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To Wake the Dead: A Renaissance Merchant and the Birth of Archaeology Hardcover – Bargain Price, August 31, 2009

4.5 out of 5 stars 8 customer reviews

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Hardcover, Bargain Price, August 31, 2009
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Editorial Reviews

From Publishers Weekly

Cyriacus Pizzecolli of Ancona was the first to travel solely to discover, observe and analyze historic monuments and, Belozerskaya convincingly argues in this charming and intriguing book, a key figure in the birth of archeology. A clerk in the bustling Renaissance port city, Pizzecolli's business trips took him to Greece and Asia Minor. He was unrelentingly curious and restless and while fascination with classical texts was widespread in the mid-15th century, few investigated the ancient physical remains. Pizzecolli educated himself in classical civilization in order to understand and preserve thousands of artifacts from ancient Greece and Rome, his true profession being, according to Cyriacus himself, to wake the dead of antiquity. Art historian Belozerskaya (The Medici Giraffe) writes with verve and aplomb, transporting us to 15th-century Rome, Constantinople, Florence, Greece and its islands, where he made sketches of antiquities later used by Raphael and da Vinci. Belozerskaya has written a well-researched history of an important yet relatively unknown figure that deftly integrates Renaissance social, cultural and political history. 25 illus. (Aug.)
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About the Author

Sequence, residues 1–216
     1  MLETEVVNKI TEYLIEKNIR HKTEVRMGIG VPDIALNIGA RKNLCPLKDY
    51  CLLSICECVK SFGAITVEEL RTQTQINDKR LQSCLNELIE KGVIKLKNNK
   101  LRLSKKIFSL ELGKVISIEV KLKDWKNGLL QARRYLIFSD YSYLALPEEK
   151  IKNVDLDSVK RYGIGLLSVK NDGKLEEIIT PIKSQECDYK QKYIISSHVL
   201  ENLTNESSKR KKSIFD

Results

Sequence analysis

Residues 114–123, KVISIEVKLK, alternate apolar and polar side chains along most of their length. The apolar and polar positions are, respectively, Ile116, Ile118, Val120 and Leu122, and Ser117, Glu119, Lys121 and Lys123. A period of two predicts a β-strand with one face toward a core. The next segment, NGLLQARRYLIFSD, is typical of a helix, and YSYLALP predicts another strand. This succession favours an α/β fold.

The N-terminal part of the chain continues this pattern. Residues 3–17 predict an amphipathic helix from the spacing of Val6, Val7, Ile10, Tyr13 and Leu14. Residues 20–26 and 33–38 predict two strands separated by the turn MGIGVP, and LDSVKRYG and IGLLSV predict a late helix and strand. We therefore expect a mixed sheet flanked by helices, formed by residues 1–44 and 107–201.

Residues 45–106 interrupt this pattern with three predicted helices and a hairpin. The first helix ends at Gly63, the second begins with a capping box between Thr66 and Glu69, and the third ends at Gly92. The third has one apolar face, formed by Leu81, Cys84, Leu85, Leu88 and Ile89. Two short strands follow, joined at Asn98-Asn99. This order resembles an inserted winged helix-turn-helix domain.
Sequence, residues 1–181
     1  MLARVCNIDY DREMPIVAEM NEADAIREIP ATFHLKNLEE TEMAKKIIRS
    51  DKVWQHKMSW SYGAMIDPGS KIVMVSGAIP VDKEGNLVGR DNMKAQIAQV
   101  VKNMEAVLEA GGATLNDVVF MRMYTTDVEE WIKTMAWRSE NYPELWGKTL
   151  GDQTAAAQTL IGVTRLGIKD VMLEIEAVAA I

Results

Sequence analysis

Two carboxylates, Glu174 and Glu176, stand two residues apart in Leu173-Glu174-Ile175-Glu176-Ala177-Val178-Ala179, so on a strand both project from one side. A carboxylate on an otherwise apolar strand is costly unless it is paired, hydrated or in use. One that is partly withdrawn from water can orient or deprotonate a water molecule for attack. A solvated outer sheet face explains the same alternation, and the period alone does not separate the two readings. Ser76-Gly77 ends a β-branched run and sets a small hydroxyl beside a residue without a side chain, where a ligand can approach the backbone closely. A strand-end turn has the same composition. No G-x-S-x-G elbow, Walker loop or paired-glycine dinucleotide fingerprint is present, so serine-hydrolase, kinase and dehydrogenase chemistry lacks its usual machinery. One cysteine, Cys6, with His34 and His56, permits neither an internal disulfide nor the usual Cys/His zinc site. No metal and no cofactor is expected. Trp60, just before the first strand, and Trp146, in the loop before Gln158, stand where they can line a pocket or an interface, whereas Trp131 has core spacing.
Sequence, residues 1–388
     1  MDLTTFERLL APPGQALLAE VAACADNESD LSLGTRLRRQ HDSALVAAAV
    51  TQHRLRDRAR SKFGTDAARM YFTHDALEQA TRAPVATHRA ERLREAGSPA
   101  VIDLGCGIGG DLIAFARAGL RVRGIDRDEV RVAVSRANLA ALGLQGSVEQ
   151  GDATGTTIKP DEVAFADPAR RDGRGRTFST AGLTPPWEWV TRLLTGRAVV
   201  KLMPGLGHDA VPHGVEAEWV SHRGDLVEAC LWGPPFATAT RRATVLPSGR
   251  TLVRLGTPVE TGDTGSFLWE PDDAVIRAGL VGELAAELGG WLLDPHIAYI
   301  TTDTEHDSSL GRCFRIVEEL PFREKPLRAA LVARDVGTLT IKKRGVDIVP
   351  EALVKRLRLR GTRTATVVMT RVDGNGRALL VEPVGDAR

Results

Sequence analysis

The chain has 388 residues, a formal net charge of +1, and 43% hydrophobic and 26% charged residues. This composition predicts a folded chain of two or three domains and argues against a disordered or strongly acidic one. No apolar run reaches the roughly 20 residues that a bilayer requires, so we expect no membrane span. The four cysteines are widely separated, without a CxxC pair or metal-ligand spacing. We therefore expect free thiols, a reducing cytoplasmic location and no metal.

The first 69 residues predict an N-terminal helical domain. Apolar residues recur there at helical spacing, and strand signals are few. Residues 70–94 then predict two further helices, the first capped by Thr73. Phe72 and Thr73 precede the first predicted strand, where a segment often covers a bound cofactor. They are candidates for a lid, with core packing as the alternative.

Marina Belozerskaya is the author of The Medici Giraffe: And Other Tales of Exotic Animals and Power, The Arts of Tuscany from the Etruscans to Ferragamo, and Luxury Arts of the Renaissance. She lives with her husband in Los Angeles.
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Product Details

  • Hardcover: 320 pages
  • Publisher: W. W. Norton & Company (August 31, 2009)
  • Language: English
  • ISBN-10: 0393065545
  • ASIN: B005HKSZF0
  • Product Dimensions: 5.9 x 1.2 x 8.6 inches
  • Shipping Weight: 1 pounds
  • Average Customer Review: 4.5 out of 5 stars  See all reviews (8 customer reviews)
  • Amazon Best Sellers Rank: #3,301,037 in Books (See Top 100 in Books)

Customer Reviews

Top Customer Reviews

Format: Hardcover
This book is a wonderful journey into the past. Your tour guide is the enthusiastic, romantic Cyriacus of Ancona, a 15th century Italian port master that developed a passion for ancient Greek and Roman architecture. His detailed record-keeping and sharp mind earned the trust of the local merchants and authorities. He adroitly used that trust to gain passage and access to ancient sites all over the Eastern Mediterranean. He was a careful, meticulous chronicler of all he surveyed. Many of the sites he visited have since been destroyed by war, earthquake or pilferage. His detailed renderings and descriptions are often the only surviving record of these ancient treasures.

Belozerskaya offers us a ticket to ride along with Cyriacus on his many adventures. Her outstanding research and engaging writing style combine to make this a fun book about the amazing, mostly forgotten "father of archaeology." The book does lack one thing: a reference map.
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Format: Hardcover
"To Wake the Dead," a fascinating tale of a little-known Italian renaissance merchant who somehow made himself into the world's first archaeologist, is the latest release from Moscow-born Marina Belozerskaya. She has previously penned The Medici Giraffe;Luxury Arts of the Renaissance; Ancient Greece: Art, Architecture, and History (Getty Trust Publications: J. Paul Getty Museum), (with Kenneth Lapatin); and The Arts of Tuscany: From the Etruscans to Ferragamo. And she has been an award-winning teacher at Harvard, Tufts, and Boston Universities.